|Vol. III, No. 2
Iyar 5605, May 1845
What Do We Need?
by Isaac Leeser
In these times of general agitation in religious matters, when political discussions seem to have been lost sight of in the newly awakened desire to improve the spirit, it is well for us to see “what we need,” and what our position calls for. It is not to be denied, that after a long struggle for political freedom, in which all the civilized world was engaged for nearly a century, in which religion was but too often made a theme of ridicule or idle speculation, a new return to religious sentimentality has been witnessed, and perhaps we may date from this new impulse a revival of bigoted superstition on the one hand, whilst on the other there is a strong desire for innovation in well-established principles, which sees nothing good in any thing old, and whose standard of excellence is that the matter to be adopted be of modern origin. Some thus discover all that is valuable in antiquity, others look on the future as the true mother of excellence. Though at first the struggle was waged only between contending Christian factions, it has at length reached us too, and we see this day a sharp contest carried on between Jews who favour reform and those who oppose all change. Perhaps we are wrong in saying “all change,” since most, if not all, admit that some improvement is not alone necessary, but practicable also; whilst there are many, though these are as yet a small minority, who desire to transform Judaism to such a degree as to appear strange in the sight of its faithful adherents.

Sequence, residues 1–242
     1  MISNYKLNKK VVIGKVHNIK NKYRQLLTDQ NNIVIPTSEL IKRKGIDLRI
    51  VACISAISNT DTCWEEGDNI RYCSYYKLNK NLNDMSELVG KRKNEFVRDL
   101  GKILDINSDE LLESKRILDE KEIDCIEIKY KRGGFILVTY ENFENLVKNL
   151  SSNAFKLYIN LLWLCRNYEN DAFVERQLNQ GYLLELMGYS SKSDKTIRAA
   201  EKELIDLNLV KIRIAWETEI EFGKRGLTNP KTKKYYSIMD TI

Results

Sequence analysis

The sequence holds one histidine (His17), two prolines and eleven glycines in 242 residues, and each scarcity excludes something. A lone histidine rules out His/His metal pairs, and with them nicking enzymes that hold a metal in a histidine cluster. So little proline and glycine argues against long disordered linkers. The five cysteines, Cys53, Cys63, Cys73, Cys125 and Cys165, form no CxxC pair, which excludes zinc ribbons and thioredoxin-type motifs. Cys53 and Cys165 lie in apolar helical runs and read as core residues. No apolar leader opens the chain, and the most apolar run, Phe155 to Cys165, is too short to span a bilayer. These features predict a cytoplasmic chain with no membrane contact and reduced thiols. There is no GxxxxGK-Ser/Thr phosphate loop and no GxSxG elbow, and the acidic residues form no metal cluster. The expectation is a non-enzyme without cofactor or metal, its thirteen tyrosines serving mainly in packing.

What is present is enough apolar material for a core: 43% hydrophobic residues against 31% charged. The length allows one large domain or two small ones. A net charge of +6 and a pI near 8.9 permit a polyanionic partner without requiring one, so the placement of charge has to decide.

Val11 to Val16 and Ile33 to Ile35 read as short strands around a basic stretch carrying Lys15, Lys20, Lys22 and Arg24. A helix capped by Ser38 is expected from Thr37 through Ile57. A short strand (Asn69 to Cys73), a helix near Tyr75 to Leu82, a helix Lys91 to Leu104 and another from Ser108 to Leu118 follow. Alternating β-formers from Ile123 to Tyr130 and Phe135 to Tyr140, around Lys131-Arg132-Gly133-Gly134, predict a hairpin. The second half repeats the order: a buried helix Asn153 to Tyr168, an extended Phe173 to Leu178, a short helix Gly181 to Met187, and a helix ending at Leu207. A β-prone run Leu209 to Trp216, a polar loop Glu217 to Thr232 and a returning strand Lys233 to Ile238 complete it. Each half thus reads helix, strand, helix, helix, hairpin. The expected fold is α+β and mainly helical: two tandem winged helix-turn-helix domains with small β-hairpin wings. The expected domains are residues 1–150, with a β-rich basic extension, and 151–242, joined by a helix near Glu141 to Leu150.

But are we and the Christians in the same position? or rather, are Judaism and Christianity of the same nature, so as to require the same remedial measures? We hear the advocates of wild reform answer: “Catholics and Protestants were both priest-ridden, and the men of the last century who effected a revolution in respect to the authority of the clergy conferred a true benefit on the community; and as the Jews were and are greatly under the control of their Rabbins, or spiritual leaders, he too who will deliver the people from the spiritual yoke they bear will become a benefactor of Israel.” We think that we put a strong position, and give in a few words the main features of the argument of which the subject is capable. But we beg our readers to consider one great difference between the Christian and the Jewish spiritual leaders. The former possess power, wealth, and extensive influence; they govern the states, and enlist in their behalf the passions and feelings of the multitude. They have large revenues from which they are supported, have religious orders which act like a military organization, and which are felt in every direction by the high and the low; whereas the Jewish teachers have no such power, no large emoluments, are unsupported by government, and all the influence they can exercise is necessarily derived from their personal standing and the kindness with which they are regarded by the community. We do not wish to deny, (for were it necessary we would be the first to attack any unnecessary assumption by spiritual authorities,) that at times, when the Christian clergy ruled over the conscience of the people, when authority was every thing, and appeals to reason something scarcely thought of, Jewish Rabbins also undertook to govern with the rod of spiritual terrors, and could, by the power of excluding refractory members from the communion of Israel, exercise a fearful sway over the minds of their hearers. We will not debate whether this power of excommunicating is one of good or evil import, since we have to deal only with facts; it existed, whether for good or evil, and doubtlessly in those communities where enlightenment in modern civilization is yet unknown, it is still occasionally exercised. But the assaults on the infallibility of the Christian priesthood dealt a powerful blow to this abuse of power by our own chiefs, and we fully believe that a formal repudiation of any Israelite authority, has not been witnessed for many years. Upon the whole we doubt whether, except in rare instances, any one was ever excommunicated, unless his own course had excluded him previously, and when he had voluntarily withdrawn himself before his condemnation was pronounced; but sure we are, that for many years past, at least since our recollection, no such exclusion was decreed over any one of whom we have heard. There may nevertheless be instances of the kind, but we only say that we are unacquainted with them.